Re @reuvenm, thanks for the many tips, esp. for the nets. One note on lead sinkers: I do realise the harm there, and I can see the reason against lead sinkers. That said, I’m yet to meet a fisherman who uses anything other than lead sinkers. I also often seem to find abandoned lead sinkers with leftover line at fishing places, both seaside and lakeside. In Switzerland, they are even abandoning the use of lead bullets in outdoor shooting ranges as the impact on the environment was apparently measurable. I’ll replace my sinkers, but this is the first time I heard someone voice any concerns about this. Maybe I need to read up on the impact of lead sinkers on the environment.

Thanks again everyone!

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This reminds me of an issue I raised in 2017 when Ken-ichi was looking for feedback on the community guidelines. I made a comment about hunters/fishermen who share their observations on iNaturalist that generated passionate debate. When it comes to fishing, or harming any organism be it for sport or science, @kueda said something that resonated with me:

This is (obviously) a contentious area and I’m not sure how to address it in the Guidelines in a satsifactory manner. I think my preference would be to state that posting evidence of these kinds of scenes is ok, but we neither encourage nor discourage people from causing such scenes to occur. Violence is a part of both human and non-human existence, and the line between appropriate violence (e.g. eating) and innappropriate violence (e.g. hunting rhinos) is not always clear. I am, however, hestitant to explicitly protect choices in lifestyle like hunting in the same way that we explicitly protect attributes like religion. Sometimes hunting and fishing is just as culturally ingrained as religion, and sometimes religious choice isn’t so culturally ingrained, and it’s not always trivial to get that kind of context from a photo. Personally I think a lot of this falls under “Understand that the people who use iNat may not be like you,” but I’ll think about how to ammend it a bit.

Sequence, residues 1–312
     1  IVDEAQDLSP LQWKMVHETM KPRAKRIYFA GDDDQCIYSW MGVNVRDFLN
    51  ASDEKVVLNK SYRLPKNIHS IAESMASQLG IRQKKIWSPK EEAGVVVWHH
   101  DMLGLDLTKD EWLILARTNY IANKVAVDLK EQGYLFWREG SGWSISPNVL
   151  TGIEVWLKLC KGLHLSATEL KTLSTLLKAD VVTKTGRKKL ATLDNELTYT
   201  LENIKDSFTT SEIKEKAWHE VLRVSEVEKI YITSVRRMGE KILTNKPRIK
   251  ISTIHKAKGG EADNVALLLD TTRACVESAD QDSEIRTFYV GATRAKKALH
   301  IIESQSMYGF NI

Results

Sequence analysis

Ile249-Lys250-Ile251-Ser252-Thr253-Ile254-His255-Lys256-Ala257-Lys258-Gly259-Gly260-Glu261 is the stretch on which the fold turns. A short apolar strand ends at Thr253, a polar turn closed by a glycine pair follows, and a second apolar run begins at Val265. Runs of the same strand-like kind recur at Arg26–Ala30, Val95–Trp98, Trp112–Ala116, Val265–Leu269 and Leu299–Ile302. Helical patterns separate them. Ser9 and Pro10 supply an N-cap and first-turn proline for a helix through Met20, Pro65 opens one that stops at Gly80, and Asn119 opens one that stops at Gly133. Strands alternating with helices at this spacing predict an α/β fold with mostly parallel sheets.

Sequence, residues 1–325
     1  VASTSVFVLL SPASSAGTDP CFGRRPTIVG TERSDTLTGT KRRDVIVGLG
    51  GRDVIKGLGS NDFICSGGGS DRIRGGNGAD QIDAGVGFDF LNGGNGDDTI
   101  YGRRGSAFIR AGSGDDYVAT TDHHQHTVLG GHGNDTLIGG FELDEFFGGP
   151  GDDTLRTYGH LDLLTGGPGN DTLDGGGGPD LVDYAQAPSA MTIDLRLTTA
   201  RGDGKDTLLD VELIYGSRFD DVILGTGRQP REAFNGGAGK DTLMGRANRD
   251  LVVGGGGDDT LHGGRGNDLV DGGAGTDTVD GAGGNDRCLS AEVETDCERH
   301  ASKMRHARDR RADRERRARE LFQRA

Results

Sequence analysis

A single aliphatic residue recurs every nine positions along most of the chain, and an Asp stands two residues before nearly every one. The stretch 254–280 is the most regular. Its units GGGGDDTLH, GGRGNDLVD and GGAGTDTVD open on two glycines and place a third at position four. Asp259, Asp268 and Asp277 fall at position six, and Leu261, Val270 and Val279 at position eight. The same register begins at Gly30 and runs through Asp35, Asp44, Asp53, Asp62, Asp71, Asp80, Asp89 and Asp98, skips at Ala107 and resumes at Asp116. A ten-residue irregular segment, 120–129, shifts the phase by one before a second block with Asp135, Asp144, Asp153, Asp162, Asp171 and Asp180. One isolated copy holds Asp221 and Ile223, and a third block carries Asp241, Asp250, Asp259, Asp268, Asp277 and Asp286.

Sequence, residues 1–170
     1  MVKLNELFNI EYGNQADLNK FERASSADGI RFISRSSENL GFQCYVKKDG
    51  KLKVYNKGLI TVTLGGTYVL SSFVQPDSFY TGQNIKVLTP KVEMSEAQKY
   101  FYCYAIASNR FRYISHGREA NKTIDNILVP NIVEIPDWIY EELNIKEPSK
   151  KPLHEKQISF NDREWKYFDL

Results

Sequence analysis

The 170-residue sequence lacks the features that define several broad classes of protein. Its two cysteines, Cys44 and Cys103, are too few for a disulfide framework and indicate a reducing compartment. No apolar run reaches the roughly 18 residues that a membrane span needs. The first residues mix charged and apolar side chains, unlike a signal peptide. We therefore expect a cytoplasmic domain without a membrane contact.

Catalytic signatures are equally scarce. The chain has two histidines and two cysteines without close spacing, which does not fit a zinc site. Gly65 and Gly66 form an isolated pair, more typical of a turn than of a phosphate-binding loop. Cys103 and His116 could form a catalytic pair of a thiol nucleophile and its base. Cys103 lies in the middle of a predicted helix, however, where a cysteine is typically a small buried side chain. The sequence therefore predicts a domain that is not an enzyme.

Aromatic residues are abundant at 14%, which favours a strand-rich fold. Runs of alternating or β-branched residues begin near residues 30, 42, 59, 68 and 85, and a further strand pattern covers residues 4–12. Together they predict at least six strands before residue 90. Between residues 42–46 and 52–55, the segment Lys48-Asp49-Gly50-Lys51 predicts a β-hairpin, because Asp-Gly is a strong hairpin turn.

Ultimately the discussion generated from it manifested in the actual Community Guidelines as:

While we do not endorse killing or fatally injuring animals just for the sake of contributing to iNaturalist, as naturalists we all encounter such scenes in our explorations, for example in the form of road kill and recent predation events (including predation by humans). While these kinds of images can be disturbing for some people, they can also be interesting, and provide the same kind of scientifically relevant occurrence data as an image of a living creature. Very often they demonstrate some aspect of the life history of the organisms involved, or may even provide information relevant to the conservation of the organism in question.

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Here’s some text from Environment Canada

An average Canadian angler can lose 11 to 15 jigs and sinkers per year while fishing due to snags and other reasons. This adds up to about 460 tonnes of lead jigs and sinkers lost every year into Canada’s lakes and waterways. This represents the most significant source of lead releases into Canadian waters.

Lead is a highly toxic metal that can cause detrimental effects to the nervous and reproductive system in humans. With respect to wildlife, the ingestion of small lead fishing sinkers and jigs is a major cause of death in breeding Common Loons in Canada, often exceeding the death rate caused by trauma, disease and entanglement in fishing gear. Ingesting them can lead to blindness, muscle paralysis, reduced ability to reproduce, seizures and death.

I’ve found medium to large non-lead sinkers for sale here, I have yet to find any really small ones.

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I know lead-free split shot sinkers are made, not sure where to find them in Canada though.

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Whether one likes angling or not is secondary to the fact that it provides excellent records of fishes that may not be observable by other methods. Of the over 60000 observations in the Australasian Fishes project, over 1300 have been tagged as ‘angling’. So yes, I’m strongly in favour of adding angling records. https://www.inaturalist.org/observations?verifiable=any&place_id=any&field:Diving,%20snorkeling,%20angling,%20shore%20etc=angling

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I think most fishermen who want barbless hooks just mash their barbs down with needlenose pliers, rather than buying a special hook.